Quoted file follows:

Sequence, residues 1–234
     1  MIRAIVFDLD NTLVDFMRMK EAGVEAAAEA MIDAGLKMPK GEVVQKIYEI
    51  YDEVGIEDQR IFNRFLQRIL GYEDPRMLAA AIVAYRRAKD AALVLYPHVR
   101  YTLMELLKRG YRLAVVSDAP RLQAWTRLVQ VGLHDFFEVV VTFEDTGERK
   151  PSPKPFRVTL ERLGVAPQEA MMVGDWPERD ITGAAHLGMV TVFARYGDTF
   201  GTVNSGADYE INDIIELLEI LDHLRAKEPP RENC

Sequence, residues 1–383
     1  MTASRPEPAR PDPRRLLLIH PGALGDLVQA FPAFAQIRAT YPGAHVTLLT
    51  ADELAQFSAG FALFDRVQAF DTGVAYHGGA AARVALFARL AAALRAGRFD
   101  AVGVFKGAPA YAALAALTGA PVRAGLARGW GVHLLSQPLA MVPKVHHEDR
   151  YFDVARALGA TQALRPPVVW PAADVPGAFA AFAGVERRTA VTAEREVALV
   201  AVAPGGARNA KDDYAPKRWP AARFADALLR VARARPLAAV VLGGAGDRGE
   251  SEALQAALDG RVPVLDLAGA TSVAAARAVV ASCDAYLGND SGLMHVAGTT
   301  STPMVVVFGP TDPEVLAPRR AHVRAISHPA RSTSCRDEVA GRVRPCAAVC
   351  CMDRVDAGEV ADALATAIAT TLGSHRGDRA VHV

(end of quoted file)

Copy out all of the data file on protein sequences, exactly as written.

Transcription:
Sequence, residues 1–234
     1  MIRAIVFDLD NTLVDFMRMK EAGVEAAAEA MIDAGLKMPK GEVVQKIYEI
    51  YDEVGIEDQR IFNRFLQRIL GYEDPRMLAA AIVAYRRAKD AALVLYPHVR
   101  YTLMELLKRG YRLAVVSDAP RLQAWTRLVQ VGLHDFFEVV VTFEDTGERK
   151  PSPKPFRVTL ERLGVAPQEA MMVGDWPERD ITGAAHLGMV TVFARYGDTF
   201  GTVNSGADYE INDIIELLEI LDHLRAKEPP RENC

Sequence, residues 1–383
     1  MTASRPEPAR PDPRRLLLIH PGALGDLVQA FPAFAQIRAT YPGAHVTLLT
    51  ADELAQFSAG FALFDRVQAF DTGVAYHGGA AARVALFARL AAALRAGRFD
   101  AVGVFKGAPA YAALAALTGA PVRAGLARGW GVHLLSQPLA MVPKVHHEDR
   151  YFDVARALGA TQALRPPVVW PAADVPGAFA AFAGVERRTA VTAEREVALV
   201  AVAPGGARNA KDDYAPKRWP AARFADALLR VARARPLAAV VLGGAGDRGE
   251  SEALQAALDG RVPVLDLAGA TSVAAARAVV ASCDAYLGND SGLMHVAGTT
   301  STPMVVVFGP TDPEVLAPRR AHVRAISHPA RSTSCRDEVA GRVRPCAAVC
   351  CMDRVDAGEV ADALATAIAT TLGSHRGDRA VHV